Linked by Thom Holwerda on Fri 26th Feb 2010 13:12 UTC, submitted by poundsmack
Multimedia, AV The debate about HTML5 video is for the most part pretty straightforward: we all want HTML5 video, and we all recognise it's a better approach than Flash for online video. However, there's one thing we just can't seem to agree on: the codec. A number of benchmarks have been conducted recently, and they highlight the complexity of video encoding: they go either way.
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RE[2]: Blind test?
by pgeorgi on Sat 27th Feb 2010 15:23 UTC in reply to "RE: Blind test?"
pgeorgi
Member since:
2010-02-18

The ARM SoCs I work with have a codec accelerator subsystem. It's basically a coprocessor that you initialize with some opaque piece of (non-ARM) code, which does h.263, h.264 and VC1 decoding and encoding (to various degrees).

The total size of this driver (that you upload) is about 80KB, so I guess they'd have the space to add another codec in there (given that address spaces are usually in powers-of-two).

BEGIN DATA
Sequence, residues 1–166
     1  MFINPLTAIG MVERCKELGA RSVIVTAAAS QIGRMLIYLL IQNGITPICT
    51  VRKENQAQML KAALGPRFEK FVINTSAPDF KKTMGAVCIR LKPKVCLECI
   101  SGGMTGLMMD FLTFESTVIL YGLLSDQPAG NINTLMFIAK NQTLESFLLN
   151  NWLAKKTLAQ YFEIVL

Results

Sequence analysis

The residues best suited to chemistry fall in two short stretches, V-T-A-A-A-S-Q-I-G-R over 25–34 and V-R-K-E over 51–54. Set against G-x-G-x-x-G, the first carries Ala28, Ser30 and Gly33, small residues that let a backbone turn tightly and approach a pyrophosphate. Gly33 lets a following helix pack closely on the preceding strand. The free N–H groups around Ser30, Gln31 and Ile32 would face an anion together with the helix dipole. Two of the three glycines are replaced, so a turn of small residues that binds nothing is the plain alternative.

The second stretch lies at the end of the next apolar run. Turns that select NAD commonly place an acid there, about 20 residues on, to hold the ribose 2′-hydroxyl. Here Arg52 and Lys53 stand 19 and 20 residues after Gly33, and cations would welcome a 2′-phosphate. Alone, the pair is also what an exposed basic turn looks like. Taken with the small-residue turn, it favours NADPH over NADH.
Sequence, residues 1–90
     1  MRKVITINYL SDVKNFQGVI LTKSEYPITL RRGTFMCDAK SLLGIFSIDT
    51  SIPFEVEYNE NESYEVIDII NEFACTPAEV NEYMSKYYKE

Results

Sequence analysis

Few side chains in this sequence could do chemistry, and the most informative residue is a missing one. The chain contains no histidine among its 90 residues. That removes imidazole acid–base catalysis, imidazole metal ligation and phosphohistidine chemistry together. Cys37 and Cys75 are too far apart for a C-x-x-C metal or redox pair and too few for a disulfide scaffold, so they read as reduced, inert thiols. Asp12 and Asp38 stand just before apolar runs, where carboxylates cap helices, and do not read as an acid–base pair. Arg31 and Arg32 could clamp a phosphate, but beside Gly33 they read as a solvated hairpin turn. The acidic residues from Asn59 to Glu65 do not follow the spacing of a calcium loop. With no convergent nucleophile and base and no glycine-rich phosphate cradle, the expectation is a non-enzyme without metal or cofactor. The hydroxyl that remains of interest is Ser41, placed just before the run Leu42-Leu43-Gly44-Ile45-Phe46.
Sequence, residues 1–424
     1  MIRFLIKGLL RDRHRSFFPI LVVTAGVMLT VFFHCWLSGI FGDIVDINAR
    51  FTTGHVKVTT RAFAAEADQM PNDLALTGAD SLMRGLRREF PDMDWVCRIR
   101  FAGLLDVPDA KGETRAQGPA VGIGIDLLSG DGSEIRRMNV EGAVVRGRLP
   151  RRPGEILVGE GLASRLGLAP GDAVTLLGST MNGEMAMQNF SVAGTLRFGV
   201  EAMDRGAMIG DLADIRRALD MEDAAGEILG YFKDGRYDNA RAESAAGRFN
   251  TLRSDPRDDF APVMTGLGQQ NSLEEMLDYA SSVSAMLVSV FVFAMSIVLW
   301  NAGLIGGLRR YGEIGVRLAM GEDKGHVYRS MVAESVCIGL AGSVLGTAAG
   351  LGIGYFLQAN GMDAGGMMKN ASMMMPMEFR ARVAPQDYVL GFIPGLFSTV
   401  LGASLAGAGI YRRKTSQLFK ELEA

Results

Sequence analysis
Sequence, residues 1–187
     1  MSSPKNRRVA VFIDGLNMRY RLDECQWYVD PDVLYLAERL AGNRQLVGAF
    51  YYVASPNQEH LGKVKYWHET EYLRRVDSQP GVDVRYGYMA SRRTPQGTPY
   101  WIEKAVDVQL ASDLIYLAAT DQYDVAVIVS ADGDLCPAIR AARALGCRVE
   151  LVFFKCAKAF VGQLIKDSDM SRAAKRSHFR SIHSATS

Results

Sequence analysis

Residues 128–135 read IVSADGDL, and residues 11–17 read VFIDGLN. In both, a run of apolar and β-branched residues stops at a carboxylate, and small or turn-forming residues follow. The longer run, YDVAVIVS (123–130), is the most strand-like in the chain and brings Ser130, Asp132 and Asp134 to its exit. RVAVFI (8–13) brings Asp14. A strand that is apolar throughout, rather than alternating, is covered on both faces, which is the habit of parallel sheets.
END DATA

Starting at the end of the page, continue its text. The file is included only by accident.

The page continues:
Once there's a demand, this coprocessor will gain an updated firmware (that is uploaded on boot), and supports whatever codec the demand is for.

I just looked for a number of ARM codec support options, and all I found are advertized with "Upgradeable with new codecs" and similar statements.

With that in mind, "hardware acceleration" is a non-issue for new contenders in video.
Other than with MP3 players which actually used special MP3 decoding chips, video decoding is too complex to be done "in silicon" - I'd guess it's always software.

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